Can the effectiveness of Mindfulness intervention outcomes be measured?

Numerous studies on the Internet show that practising Mindfulness, even for just a few weeks, can result in a variety of physical, psychological, and social benefits. Some of these benefits, which extend across many different settings, are listed below – with links to the studies. [hyperlinks still to be inserted. I recommend that the pertinent site is linked to the key phrases underlined below. These cross linkages will also give your site a higher browser ranking.]

  • Good for our bodies: A seminal study found that, after just eight weeks of training, practising Mindfulness meditation boosts our immune system’s ability to fight off
  • Good for our minds: Several studies have found that Mindfulness increases positive emotions while reducing negative emotions and Indeed, at least one study suggests it may be as good as antidepressants in fighting depression and preventing relapse.
  • Positively changes our brains: Research has found that it increases density of gray matter in brain regions linked to learning, memory, emotion regulation, and
  • Helps us focus: Studies suggest that Mindfulness helps us tune out distractions and improves our memory and attention
  • Fosters compassion and altruism: Research suggests Mindfulness training makes us more likely to help someone in need and increases activity in neural networks involved in understanding the suffering of others and regulating Evidence suggests it might boost self‐compassion as well.
  • Enhances relationships: Research suggests Mindfulness training makes couples more satisfied with their relationship, makes each partner feel more optimistic and relaxed, and makes them feel more accepting of and closer to one.
  • Helps combat obesity: Practising “mindful eating” encourages healthier eating habits, helps people lose weight, and helps them savour the food they do

Mindfulness also has excellent benefits for:

  • Parents and parentstobe: Studies suggest it may reduce pregnancy‐related anxiety, stress, and depression in expectant Parents who practice Mindfulness report being happier with their parenting skills and their relationship with their children, while their children were found to have better social skills.
  • Schools: There’s scientific evidence that teaching Mindfulness in the classroom reduces behaviour problems and aggression among students, and improves their happiness levels and ability to pay Teachers trained in Mindfulness also show lower blood pressure, less negative emotion and symptoms of depression, and greater compassion and empathy.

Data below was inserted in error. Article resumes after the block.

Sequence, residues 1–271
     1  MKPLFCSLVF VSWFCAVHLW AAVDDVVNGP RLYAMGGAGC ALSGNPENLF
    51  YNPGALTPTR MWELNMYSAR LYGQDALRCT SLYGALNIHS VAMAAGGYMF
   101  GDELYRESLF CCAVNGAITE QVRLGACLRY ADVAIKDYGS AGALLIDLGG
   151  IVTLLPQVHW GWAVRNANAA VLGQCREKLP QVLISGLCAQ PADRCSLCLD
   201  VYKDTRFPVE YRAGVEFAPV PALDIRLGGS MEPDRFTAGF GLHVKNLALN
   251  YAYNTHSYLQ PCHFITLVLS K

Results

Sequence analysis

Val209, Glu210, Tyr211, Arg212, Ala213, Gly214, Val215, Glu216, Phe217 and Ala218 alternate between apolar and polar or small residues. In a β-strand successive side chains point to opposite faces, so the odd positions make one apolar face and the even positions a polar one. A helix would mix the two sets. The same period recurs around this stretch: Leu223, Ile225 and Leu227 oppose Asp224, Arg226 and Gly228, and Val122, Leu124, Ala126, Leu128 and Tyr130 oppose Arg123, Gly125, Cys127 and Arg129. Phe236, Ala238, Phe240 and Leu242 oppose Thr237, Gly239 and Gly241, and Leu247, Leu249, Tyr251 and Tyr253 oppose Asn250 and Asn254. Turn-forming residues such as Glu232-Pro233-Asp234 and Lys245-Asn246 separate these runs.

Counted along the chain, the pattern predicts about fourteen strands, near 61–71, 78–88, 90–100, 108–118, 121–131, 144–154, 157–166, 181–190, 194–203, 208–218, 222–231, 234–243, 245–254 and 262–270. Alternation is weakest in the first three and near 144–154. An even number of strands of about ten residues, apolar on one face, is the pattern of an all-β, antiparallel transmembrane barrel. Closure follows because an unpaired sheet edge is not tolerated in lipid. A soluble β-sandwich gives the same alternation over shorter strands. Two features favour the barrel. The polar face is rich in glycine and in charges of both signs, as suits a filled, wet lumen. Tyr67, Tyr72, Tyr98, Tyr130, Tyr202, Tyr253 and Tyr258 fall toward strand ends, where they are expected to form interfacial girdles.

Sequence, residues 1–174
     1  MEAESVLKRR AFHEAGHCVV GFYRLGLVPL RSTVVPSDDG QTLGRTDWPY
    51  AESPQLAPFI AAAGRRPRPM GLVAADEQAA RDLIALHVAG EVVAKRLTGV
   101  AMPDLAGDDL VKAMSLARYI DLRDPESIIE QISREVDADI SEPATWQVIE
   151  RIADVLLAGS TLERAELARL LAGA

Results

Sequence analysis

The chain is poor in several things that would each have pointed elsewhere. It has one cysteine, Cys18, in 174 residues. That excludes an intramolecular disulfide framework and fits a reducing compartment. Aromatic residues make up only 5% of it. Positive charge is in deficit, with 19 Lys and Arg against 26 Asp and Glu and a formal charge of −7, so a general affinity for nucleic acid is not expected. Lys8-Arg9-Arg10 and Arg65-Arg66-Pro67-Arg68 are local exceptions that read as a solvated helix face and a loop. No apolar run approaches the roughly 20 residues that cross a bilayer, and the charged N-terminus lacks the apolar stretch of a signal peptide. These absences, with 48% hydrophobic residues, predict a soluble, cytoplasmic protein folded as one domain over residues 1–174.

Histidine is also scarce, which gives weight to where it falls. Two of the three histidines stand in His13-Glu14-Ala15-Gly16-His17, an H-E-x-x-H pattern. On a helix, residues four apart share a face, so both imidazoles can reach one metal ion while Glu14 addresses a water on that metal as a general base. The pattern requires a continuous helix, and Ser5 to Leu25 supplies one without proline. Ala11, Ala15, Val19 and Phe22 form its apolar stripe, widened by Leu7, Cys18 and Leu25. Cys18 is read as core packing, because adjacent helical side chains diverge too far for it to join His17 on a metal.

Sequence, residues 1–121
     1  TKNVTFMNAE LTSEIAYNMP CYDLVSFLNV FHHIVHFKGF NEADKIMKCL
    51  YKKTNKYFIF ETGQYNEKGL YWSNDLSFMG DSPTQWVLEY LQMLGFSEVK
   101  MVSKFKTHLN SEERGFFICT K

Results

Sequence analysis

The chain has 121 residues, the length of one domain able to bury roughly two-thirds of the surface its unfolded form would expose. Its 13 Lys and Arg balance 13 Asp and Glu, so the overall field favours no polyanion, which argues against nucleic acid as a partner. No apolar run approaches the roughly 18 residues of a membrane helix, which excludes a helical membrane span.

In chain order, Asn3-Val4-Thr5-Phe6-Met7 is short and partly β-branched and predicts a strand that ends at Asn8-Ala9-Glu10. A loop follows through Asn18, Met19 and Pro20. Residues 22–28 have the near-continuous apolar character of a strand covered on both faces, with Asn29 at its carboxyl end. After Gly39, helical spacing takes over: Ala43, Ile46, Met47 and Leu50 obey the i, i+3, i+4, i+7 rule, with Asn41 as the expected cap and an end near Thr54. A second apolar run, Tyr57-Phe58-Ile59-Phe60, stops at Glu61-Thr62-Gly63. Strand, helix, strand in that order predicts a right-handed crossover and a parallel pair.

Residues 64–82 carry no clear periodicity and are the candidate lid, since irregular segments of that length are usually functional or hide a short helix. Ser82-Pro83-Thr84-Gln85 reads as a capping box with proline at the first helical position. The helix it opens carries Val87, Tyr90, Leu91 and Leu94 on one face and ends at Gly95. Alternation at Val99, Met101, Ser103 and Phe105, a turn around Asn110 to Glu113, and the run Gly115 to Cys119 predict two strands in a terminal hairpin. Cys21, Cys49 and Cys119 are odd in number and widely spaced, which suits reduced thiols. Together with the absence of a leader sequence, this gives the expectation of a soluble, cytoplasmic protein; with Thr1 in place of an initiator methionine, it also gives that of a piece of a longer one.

• Health Care professionals: To cope with stress, connect with their patients, and improve their general quality of It also helps mental health professionals by reducing negative emotions and anxiety, and increasing their positive emotions and feelings of self‐compassion.
  • Prisons: Evidence suggests Mindfulness reduces anger, hostility, and mood disturbances among prisoners by increasing their awareness of their thoughts and emotions, helping with their rehabilitation and
  • Veterans: Studies suggest it can reduce the symptoms of Post-Traumatic Stress Disorder (PTSD) in the aftermath of

What is the single biggest obstacle that most professionals face on the path to Mindfulness, and how can they overcome it?

We as humans are control freaks. We discount anything that doesn’t fit into our viewpoint and that appears to be “flaky”. We are also habitually distracted. That has created certain grooves in our brain that just keep us doing what we have always done. If we are sufficiently open-minded we can stop, take stock of our reality and come to a realisation that there is another more skilful way to “live and be” at work. We can overcome our scepticism through an attitude of non‐judgment, willingness and kindness. These are words we don’t often find in the corporate space but Mindfulness is a capacity that has the potential to radically transform organizations and society.